step down pipe

Discussion in 'Irrigation' started by LemkeLawns, Aug 13, 2008.

  1. LemkeLawns

    LemkeLawns LawnSite Member
    Posts: 81

    guys, I am working on a new install and was curious as to when a person needs to step down in pipe size. I'm not necessarily looking for a specific case scenario but rather a way to calculate when to step down and how drastic of step down. Any help would be greatly appreciated!!
     
  2. Dripit good

    Dripit good LawnSite Bronze Member
    Posts: 1,081

    From what size, to what size?
     
  3. LemkeLawns

    LemkeLawns LawnSite Member
    Posts: 81

    is there a general formula used to determine when to step down?? Id like to apply the formula to different situations in the future so im not wasting every ones time by saying im using pipe size A when should i switch to size B and im going X distance with Y psi and Z flow
     
  4. Waterit

    Waterit LawnSite Silver Member
    Posts: 2,906

    Look in rear of Rainbird catalog for pipe-sizing charts, then add up your GPM as you add heads to zone.

    Or take a class at your local distributor to get some knowledge before you start installing. Your question is very basic knowledge for any installer, makes me wonder what else you don't know about this game. Not being nasty (well, a little), just saying that like anything else, having a clue about what you're doing goes a long way towards doing it well. And that's what it's all about.
     
  5. Wet_Boots

    Wet_Boots LawnSite Fanatic
    Posts: 47,357

    If you are going to step down from one-inch to 3/4-inch pipe in a line of heads, a good general rule is that you can feed two 3-gpm rotors from 3/4 pipe without excess pressure loss.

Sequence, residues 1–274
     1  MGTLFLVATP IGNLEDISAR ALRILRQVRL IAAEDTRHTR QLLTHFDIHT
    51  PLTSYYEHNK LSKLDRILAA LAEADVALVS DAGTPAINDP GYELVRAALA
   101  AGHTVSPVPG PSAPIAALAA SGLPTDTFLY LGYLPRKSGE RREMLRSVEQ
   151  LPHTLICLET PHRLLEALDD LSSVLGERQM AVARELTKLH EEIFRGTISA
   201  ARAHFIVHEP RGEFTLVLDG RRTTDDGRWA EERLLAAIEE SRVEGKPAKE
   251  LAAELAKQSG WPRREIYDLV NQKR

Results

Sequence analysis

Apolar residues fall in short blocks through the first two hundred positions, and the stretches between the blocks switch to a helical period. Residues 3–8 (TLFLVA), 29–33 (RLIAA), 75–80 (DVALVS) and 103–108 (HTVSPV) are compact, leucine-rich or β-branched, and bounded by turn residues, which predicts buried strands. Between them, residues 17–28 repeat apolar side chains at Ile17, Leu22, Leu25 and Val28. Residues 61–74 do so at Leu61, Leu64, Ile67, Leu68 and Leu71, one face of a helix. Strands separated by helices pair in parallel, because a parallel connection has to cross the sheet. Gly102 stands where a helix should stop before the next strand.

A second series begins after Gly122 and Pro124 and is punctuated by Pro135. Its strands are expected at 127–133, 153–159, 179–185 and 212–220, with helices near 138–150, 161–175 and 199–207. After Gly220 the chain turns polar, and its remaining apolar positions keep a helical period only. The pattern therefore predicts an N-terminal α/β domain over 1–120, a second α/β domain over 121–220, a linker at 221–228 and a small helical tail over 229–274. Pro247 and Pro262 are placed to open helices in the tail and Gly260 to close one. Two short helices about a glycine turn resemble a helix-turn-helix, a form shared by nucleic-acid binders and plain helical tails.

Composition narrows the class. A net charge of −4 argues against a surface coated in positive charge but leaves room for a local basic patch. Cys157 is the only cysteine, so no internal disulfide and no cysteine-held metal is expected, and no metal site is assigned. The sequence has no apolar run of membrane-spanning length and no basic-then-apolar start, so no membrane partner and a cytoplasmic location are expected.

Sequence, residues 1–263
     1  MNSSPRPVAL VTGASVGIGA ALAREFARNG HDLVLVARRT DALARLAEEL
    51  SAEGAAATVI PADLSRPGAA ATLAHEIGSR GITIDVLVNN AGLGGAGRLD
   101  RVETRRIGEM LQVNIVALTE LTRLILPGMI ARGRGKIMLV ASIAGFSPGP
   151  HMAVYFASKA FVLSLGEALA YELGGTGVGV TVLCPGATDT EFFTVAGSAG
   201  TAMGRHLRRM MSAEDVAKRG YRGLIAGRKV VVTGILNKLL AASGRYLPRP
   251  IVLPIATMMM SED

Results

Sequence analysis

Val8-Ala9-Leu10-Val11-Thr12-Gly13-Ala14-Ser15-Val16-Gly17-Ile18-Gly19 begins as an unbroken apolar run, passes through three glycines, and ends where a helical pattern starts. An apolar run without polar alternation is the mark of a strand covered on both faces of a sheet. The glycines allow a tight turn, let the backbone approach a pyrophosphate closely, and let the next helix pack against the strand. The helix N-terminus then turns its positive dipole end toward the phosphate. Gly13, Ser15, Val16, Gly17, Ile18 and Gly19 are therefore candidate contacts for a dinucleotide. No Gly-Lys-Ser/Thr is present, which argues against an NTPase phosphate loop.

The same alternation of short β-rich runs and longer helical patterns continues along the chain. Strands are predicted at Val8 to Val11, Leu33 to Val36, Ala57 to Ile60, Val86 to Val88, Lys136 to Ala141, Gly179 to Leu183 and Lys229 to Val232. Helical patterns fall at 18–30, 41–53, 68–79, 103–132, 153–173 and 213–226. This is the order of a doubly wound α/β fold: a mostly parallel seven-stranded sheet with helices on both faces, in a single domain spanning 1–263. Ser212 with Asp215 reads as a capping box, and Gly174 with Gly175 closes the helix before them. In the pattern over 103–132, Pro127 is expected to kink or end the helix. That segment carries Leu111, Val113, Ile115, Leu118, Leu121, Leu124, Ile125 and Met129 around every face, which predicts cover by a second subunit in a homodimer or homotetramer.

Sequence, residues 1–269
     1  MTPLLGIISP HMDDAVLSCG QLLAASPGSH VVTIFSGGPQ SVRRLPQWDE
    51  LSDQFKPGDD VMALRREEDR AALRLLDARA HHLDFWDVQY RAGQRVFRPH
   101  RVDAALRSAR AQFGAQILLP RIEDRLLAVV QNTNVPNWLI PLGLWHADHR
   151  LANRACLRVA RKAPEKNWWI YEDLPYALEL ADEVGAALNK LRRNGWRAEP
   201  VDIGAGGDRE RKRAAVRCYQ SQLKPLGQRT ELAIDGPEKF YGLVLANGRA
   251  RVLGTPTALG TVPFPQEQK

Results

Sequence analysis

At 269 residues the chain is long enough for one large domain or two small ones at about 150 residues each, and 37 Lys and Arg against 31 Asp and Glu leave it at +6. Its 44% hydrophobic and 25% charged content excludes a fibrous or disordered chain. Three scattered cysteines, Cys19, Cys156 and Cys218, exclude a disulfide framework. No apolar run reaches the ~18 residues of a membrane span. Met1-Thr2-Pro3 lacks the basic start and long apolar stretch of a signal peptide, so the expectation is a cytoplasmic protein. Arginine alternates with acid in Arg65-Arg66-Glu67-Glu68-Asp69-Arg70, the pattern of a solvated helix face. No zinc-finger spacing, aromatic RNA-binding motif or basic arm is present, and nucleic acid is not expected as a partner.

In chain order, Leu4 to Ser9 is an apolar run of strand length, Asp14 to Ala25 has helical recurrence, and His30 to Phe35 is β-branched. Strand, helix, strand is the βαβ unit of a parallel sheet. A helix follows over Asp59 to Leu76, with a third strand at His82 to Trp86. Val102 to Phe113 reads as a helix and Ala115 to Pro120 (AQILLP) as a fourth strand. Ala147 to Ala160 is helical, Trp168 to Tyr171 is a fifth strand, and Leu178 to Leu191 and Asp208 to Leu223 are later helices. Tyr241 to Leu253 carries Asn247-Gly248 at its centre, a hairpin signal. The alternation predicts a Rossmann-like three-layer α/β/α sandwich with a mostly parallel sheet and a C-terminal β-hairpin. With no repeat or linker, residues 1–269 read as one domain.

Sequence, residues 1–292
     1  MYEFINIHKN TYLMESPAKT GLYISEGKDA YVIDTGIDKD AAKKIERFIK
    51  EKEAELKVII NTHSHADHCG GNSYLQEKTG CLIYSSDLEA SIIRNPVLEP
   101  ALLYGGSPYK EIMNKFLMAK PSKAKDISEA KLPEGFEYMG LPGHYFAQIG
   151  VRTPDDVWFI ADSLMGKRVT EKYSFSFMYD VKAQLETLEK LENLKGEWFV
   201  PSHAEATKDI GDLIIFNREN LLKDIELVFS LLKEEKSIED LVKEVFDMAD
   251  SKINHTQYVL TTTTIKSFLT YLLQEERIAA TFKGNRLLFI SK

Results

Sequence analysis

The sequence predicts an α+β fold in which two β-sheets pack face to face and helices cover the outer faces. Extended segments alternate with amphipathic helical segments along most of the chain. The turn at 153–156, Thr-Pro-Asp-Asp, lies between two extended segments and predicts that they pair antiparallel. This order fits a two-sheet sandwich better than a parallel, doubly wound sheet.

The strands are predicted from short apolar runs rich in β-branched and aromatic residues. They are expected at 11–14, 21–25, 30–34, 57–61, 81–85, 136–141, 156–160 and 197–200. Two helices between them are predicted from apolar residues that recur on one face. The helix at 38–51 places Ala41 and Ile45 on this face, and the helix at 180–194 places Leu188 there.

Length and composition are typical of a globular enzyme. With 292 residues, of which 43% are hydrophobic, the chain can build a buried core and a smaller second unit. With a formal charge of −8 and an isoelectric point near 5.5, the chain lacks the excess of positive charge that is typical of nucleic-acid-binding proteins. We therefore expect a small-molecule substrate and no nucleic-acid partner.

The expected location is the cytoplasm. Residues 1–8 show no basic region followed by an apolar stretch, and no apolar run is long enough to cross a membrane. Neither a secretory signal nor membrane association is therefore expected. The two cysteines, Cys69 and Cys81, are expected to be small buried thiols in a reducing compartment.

6. evergreensolutions

    evergreensolutions LawnSite Member
    Posts: 55

    IN GENERAL......GPM for all heads downline dictates pipe size. You do not want to exceed 5 fps for the given pipe size or you increase chances of water hammer. Flow Charts are your best friend when designing a system. "General Rules" are different for everyone. Someone might be comfortable with a little more velocity than me. Comes from experience.
     
  7. Dripit good

    Dripit good LawnSite Bronze Member
    Posts: 1,081

    Waterit nailed it. Take a basic course and refer to the pipe charts. My sugestion is don't reduce your laterals less than 1". Too many parts to buy and stock for no real good reason.
     
  8. LemkeLawns

    LemkeLawns LawnSite Member
    Posts: 81

    thanks everyone! Ill b the first to say that im ignorant when it comes to irrigation. I see it as there isnt any harm in asking before a project, but there is a ton of extra work if a system that is put in wrong and has to be redesigned and reworked. I have learned a ton from my rainbird and hunter catalogs over the last week including info about nozzle sizing, psi loss, under zoning systems, and the list goes on. thanks guys
     
  9. Waterit

    Waterit LawnSite Silver Member
    Posts: 2,906

    You're on the right track, you recognize that there are things you don't know and seek knowledge. Journey on, Grasshopper!
     
  10. LemkeLawns

    LemkeLawns LawnSite Member
    Posts: 81

    The reason I decided to start installing irrigation was b/c it cost me $360 to replace a golf head that we hit on a football field we mow. I worked under an IA member at a local university and knew that if the installer knew what the f he was doing, his heads wouldnt have been set above grade and sheered off with by my mower. Then this week I ran into his work again on a volunteer install job at a sports complex. He shows up and starts rattling off theories of what a person could do at the site and that there are 100 different ways this system could be installed.... he took absolutely no measurements, didnt check what kind of flow or psi the booster pump is putting out. There is an existing system on a baseball field and two additional practice fields will be ran off this same pump. I thought this would be an excellent time to increase my knowledge on psi and friction loss. I have found that this guy's design will yield a velocity greater than 5ft/s in the main line and in order to have 1 inch of precip. the system will need to run for 32 hrs. The system is capable of 77 gpm and is measuring 70 psi on the baseball field. This guy will only be using about 35 gpm per zone on the new system. When I mentioned that he had absolutely no clue on what the pump was putting out, he replied "it works over there so it will work over here.":wall
     

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